The Insurance Council of Australia (ICA) has announced its decision to contest a recent New South Wales Court of Appeal’s ruling that landed in favour of Covid-19-impacted businesses.
The NSW Court of Appeal’s ruling could see insurers unable to deny claims from policyholders whose business interuption cover included an outdated extension known as The Quarantine Act.
The Quarantine Act was repealed in 2015 and replaced with the Biosecurity Act.
The option for an appeal by either the insurers or the insured was agreed to in the original decision to seek an outcome from the courts and if special leave to appeal is granted, the ICA would seek for the matter to be heard in the High Court as quickly as possible.
The ICA says that, while the insurance industry is sympathetic to businesses impacted by Covid-19 restrictions, it remains of the view that pandemics were not contemplated for coverage under most business interruption policies and that the Quarantine Act exclusion excludes Covid-19 related claims.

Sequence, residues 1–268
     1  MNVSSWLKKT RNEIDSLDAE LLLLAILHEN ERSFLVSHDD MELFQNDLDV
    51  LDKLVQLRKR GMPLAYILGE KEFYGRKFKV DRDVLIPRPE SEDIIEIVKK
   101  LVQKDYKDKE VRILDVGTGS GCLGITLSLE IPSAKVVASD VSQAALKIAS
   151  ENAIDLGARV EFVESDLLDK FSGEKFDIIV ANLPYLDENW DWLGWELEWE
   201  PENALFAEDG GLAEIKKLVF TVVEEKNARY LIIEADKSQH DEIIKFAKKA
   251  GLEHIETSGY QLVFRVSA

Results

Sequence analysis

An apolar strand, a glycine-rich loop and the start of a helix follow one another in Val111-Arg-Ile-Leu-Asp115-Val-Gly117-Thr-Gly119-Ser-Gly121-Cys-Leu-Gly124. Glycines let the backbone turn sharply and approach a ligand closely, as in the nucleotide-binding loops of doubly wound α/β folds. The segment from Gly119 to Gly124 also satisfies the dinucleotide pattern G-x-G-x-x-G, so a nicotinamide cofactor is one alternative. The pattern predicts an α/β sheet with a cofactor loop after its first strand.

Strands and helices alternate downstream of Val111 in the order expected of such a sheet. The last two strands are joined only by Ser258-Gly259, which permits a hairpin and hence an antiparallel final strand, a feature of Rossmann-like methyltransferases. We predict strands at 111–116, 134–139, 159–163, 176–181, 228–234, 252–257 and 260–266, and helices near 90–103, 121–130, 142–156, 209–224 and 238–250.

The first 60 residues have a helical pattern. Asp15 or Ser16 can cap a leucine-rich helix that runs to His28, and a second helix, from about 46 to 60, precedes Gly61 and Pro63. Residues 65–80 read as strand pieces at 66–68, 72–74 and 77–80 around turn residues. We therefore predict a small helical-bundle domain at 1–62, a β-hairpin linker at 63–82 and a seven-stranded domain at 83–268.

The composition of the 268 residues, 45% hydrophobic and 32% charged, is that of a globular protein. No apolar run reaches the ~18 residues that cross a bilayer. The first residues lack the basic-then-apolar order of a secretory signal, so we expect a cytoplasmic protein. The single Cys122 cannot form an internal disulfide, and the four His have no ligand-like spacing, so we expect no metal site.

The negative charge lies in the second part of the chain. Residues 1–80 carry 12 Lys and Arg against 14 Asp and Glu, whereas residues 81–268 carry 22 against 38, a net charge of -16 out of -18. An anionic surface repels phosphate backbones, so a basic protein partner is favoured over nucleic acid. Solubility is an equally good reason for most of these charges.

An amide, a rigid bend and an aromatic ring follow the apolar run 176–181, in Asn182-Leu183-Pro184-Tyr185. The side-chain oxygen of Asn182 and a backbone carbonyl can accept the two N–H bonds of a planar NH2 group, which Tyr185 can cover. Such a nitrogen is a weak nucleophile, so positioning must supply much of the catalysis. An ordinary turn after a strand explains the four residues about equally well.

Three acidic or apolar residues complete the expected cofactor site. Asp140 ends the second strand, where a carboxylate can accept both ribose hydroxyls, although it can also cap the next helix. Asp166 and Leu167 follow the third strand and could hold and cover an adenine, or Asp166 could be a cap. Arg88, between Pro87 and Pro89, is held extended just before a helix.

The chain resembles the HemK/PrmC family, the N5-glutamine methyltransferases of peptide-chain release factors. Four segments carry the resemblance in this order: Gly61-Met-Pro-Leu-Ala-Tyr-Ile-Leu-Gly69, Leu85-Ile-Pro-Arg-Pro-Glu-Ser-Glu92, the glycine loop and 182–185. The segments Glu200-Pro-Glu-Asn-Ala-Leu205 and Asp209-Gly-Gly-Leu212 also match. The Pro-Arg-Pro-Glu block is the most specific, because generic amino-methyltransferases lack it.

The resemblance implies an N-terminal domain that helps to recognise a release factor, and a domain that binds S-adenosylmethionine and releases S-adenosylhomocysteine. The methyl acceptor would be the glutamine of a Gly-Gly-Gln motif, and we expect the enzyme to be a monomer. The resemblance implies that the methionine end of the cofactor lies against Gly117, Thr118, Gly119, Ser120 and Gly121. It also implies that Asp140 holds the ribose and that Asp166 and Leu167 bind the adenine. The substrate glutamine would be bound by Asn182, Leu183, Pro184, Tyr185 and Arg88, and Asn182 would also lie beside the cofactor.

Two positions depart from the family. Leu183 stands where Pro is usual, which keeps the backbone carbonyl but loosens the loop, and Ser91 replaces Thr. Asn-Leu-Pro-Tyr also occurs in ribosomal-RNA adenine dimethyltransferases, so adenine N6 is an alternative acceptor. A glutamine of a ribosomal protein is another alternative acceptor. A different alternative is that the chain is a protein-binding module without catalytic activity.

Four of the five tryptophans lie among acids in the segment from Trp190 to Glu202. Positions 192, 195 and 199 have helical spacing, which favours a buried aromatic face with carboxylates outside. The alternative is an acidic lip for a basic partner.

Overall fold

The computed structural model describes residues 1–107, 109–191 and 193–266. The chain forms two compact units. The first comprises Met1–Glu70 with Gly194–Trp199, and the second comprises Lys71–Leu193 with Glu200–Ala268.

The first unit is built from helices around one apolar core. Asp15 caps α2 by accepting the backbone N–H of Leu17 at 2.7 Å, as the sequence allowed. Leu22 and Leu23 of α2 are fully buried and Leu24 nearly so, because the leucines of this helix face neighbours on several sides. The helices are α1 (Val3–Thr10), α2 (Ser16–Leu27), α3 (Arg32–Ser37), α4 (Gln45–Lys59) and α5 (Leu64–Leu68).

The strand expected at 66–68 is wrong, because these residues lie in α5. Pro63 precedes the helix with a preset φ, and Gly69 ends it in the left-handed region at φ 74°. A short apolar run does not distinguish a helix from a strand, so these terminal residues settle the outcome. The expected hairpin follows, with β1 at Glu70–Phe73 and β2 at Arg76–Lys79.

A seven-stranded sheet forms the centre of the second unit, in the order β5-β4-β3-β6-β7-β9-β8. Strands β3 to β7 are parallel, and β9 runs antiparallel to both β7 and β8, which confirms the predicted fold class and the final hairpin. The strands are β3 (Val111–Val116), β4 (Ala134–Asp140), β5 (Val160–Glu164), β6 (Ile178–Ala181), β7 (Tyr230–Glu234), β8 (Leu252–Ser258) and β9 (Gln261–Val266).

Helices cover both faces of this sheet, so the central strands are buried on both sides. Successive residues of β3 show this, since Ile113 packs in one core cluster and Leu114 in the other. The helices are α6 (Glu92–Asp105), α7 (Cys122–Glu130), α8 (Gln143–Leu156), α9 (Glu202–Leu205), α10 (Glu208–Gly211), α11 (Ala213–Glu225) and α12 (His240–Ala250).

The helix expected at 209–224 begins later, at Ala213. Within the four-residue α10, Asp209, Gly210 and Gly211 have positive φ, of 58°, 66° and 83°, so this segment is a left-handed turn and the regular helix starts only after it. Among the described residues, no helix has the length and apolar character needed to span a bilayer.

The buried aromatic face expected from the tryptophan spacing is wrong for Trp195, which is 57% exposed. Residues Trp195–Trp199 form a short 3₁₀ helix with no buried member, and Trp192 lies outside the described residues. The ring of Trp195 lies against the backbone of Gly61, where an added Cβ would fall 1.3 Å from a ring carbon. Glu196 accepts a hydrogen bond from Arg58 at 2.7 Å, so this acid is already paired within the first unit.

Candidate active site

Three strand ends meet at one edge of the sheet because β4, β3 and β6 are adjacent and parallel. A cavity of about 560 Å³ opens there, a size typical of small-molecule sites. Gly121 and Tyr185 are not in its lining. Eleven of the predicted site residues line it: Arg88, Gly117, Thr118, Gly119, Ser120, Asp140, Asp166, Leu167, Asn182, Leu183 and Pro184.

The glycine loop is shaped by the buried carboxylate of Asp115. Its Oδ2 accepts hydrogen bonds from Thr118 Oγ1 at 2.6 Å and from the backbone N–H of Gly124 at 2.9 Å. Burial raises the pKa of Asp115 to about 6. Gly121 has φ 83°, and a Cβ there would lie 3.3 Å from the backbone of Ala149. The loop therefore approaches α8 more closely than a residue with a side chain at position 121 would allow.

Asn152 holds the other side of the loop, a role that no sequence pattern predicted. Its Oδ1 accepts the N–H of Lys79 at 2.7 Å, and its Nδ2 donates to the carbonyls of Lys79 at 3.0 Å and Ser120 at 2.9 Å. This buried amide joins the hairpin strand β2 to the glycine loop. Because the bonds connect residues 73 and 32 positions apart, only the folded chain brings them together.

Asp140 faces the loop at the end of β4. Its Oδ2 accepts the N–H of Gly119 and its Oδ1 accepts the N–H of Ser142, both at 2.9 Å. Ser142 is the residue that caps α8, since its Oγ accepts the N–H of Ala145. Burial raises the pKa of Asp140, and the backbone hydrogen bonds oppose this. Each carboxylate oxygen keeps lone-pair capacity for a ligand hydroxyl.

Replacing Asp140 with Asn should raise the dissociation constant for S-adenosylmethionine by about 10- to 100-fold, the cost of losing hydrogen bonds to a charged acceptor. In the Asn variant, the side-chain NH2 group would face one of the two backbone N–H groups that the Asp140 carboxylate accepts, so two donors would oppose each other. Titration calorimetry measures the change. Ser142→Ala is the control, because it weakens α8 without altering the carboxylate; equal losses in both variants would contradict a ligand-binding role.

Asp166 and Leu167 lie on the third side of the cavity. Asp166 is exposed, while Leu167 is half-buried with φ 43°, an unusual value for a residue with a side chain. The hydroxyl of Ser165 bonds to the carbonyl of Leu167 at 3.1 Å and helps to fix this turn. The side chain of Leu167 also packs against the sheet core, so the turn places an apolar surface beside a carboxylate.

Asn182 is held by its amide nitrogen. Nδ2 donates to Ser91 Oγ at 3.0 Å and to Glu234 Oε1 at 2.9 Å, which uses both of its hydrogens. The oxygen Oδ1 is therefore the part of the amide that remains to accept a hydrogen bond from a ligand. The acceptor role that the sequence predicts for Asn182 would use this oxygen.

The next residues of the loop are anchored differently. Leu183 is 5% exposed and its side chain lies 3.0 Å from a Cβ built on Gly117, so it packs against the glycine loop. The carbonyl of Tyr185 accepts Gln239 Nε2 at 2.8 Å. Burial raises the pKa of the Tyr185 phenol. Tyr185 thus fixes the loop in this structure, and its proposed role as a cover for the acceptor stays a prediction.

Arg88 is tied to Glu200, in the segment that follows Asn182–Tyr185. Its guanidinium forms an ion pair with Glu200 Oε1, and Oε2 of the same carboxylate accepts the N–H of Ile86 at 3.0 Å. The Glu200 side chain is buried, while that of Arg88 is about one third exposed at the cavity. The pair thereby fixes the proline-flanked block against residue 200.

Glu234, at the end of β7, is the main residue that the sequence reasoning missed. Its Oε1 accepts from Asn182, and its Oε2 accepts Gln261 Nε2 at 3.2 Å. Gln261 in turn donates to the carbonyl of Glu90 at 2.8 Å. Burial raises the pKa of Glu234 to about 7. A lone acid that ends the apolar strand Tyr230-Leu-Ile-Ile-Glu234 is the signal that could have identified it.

Furthermore, the ICA argues that premiums were not collected to reflect the cost of cover for pandemics and reinsurance was not generally available for pandemic cover, nor were reserves established for pandemic-related claims.
It adds that, business interruption policies designed to cover pandemics (predominantly in the entertainment and health sectors) have already been paid out.
“The industry understands that this is a challenging time for many small and medium businesses and is doing what it can to ensure a fair and sustainable resolution that provides clarity,” said Andrew Hall, ICA Chief Executive Officer.
“Business interruption insurance plays a crucial role in providing protection for businesses and enabling them to function with assurance, and APRA data shows that this category of insurance already costs more to the industry than it recovers.”
The ICA intends to file a further test case that explores other policy issues foreshadowed with policyholders but not dealt with in the first test case, including proximity and prevention of access, and is working with stakeholders to finalise the parameters of this second test case.
It adds that he industry will meet the costs of both the policyholders and the insurers in the further test case, as it did in the first test case and will for any appeal.
“Those business insurance policies that were intended to cover pandemics, predominantly in the entertainment and health sectors, have paid out,” Hall added.
“However, if the industry is forced to pay out for risks it has not collected premiums for, or sought reinsurance for, it would compromise our ability to provide the Australian business market with protection against other risks.”